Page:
Drawing charcoal usually gives a porous and never very adhesive stroke. A pointed charcoal pencil can produce exceptionally skinny lines; if used broadside on the floor, it creates evenly toned planes. Rubbing and smudging the charcoal line ends in dimmed intermediate shades and delicate transitions. Due to its slight adhesiveness, charcoal is ideal for corrective sketching, but when the drawing is to be preserved, it needs to be protected by a fixative. Lines and Colors is a blog that’s dedicated to drawing, sketching, painting, comics and pretty much any art form that includes strains and colours.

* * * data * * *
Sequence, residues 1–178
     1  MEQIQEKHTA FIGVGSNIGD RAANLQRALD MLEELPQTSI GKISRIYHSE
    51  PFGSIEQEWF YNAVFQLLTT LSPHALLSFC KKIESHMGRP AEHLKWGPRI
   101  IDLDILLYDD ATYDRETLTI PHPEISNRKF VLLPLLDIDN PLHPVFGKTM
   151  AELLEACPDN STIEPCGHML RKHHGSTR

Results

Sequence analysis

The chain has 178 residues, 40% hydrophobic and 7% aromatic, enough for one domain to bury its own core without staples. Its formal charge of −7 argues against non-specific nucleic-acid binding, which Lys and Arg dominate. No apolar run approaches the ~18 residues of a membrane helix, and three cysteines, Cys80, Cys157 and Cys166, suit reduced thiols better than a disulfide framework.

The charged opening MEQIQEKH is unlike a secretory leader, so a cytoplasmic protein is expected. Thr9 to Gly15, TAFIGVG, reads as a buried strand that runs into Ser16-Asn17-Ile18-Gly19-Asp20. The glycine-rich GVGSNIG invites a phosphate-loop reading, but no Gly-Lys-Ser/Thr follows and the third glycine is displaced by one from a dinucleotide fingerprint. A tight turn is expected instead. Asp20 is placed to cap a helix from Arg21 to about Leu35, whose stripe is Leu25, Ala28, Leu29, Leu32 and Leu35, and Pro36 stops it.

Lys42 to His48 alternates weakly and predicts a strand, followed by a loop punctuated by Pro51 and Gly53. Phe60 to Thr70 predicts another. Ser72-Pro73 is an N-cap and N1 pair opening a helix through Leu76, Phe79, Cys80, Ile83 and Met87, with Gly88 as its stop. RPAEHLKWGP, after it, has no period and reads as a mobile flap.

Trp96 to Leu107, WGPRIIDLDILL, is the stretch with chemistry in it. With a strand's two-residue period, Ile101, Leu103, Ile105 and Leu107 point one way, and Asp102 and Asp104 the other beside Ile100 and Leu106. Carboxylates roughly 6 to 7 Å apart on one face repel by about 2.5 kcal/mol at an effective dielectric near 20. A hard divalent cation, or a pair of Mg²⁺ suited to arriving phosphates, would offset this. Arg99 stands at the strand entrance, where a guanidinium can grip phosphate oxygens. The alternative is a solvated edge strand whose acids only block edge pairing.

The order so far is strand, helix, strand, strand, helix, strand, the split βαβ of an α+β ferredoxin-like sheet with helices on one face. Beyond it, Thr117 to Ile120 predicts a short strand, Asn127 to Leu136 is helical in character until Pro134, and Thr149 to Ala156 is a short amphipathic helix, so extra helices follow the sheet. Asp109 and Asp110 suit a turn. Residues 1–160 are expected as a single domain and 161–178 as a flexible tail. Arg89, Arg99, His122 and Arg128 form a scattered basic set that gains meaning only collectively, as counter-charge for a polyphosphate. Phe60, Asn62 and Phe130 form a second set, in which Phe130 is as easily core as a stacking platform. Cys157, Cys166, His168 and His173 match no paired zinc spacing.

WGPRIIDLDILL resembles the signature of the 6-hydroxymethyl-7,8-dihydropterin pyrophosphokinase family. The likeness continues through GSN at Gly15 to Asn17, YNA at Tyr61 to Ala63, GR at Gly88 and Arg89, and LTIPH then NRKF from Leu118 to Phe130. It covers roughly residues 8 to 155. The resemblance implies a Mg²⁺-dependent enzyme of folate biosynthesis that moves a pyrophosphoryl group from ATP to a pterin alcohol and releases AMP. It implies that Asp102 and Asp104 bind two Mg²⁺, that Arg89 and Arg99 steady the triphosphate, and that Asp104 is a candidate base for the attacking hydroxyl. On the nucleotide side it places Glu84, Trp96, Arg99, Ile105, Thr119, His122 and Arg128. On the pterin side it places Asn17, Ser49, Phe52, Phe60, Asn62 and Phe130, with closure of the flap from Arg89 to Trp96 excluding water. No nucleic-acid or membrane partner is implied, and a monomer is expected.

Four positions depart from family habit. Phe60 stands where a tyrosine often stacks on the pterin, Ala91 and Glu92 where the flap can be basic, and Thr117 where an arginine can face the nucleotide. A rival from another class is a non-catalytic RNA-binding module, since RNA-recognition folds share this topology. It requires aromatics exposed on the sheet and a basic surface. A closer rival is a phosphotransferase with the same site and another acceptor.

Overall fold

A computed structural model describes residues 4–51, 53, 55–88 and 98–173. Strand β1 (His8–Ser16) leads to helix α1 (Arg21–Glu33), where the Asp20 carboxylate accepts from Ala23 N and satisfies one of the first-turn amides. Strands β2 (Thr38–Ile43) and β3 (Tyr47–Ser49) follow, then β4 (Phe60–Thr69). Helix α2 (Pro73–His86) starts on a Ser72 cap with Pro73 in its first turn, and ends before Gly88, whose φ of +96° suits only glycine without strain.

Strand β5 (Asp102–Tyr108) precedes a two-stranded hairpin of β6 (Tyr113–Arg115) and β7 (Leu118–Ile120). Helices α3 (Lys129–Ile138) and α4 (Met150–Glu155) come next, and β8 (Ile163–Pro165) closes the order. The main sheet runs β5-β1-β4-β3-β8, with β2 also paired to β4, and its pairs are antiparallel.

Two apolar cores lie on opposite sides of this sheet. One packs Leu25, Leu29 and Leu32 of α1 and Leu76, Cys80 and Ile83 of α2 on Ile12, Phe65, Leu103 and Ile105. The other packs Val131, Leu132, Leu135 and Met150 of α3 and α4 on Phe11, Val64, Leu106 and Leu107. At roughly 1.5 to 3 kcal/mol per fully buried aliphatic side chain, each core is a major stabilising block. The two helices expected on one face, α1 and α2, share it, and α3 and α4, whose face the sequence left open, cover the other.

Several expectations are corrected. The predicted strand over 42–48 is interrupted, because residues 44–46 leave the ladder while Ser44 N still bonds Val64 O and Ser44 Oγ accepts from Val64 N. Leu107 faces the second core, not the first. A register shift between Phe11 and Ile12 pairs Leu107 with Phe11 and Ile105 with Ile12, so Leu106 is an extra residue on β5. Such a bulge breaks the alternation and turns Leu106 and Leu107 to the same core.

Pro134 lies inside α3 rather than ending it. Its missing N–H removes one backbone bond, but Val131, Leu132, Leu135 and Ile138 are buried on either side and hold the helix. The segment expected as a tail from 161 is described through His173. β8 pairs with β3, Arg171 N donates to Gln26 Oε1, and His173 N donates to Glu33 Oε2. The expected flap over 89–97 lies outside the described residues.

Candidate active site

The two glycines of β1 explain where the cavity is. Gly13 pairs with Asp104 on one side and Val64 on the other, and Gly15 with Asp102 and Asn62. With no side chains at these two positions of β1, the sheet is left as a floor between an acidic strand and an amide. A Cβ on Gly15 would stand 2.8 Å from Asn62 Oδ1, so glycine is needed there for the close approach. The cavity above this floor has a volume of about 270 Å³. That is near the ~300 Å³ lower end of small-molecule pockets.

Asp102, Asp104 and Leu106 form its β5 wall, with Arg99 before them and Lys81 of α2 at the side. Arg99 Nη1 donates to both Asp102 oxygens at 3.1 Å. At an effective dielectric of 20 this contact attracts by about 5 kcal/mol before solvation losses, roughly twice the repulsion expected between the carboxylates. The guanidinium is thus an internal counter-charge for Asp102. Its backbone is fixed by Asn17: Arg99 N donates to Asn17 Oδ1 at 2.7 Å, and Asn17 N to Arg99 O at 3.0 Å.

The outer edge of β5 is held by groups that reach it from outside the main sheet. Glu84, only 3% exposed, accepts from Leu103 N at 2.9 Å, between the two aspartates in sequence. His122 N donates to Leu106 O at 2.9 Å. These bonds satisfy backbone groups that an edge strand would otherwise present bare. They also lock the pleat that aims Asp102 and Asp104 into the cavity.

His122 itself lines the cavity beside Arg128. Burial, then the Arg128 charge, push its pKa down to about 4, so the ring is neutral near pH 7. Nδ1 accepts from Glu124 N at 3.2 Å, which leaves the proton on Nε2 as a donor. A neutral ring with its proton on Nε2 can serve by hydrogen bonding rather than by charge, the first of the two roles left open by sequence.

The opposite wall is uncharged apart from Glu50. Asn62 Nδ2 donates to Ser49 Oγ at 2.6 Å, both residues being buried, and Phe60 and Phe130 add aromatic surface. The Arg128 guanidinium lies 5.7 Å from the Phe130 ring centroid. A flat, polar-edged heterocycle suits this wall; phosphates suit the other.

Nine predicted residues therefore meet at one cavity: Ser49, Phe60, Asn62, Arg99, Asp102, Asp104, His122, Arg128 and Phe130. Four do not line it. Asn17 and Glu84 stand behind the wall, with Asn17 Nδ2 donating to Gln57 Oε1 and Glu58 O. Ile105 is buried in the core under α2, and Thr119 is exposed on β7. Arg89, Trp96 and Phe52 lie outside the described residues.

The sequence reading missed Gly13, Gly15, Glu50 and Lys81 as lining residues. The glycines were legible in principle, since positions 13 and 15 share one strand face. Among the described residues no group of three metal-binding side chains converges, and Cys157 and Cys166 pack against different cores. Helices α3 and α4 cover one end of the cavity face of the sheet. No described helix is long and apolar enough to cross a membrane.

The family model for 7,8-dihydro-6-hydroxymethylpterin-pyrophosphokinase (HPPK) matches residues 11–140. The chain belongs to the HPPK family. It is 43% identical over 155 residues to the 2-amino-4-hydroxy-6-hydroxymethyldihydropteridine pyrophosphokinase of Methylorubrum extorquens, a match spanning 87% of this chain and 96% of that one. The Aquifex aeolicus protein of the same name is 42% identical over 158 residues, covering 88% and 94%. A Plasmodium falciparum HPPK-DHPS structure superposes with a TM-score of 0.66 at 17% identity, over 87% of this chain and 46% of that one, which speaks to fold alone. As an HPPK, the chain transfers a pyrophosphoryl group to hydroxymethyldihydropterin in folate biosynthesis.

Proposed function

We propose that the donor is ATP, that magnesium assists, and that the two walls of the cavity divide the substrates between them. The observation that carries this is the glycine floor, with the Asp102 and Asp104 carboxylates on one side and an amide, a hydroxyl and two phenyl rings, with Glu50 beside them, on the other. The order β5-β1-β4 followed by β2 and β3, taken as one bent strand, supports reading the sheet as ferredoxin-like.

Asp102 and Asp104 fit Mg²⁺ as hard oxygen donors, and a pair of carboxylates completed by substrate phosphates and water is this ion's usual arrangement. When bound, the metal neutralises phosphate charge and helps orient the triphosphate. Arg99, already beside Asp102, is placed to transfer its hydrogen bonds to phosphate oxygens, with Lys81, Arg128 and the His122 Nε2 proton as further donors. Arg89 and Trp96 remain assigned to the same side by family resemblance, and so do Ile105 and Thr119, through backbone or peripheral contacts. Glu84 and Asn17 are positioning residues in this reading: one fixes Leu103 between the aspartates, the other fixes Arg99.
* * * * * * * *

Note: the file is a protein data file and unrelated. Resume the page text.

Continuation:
What Is Drawing?
Ever since the invention of synthetic chalk made from the fine, boring-black soot often known as lampblack – an invention attributed to Leonardo da Vinci ( ) – the pictorial qualities of chalk have been fully explored. The range of chalks extends from dry, charcoal-like varieties to the fatty ones used … Read More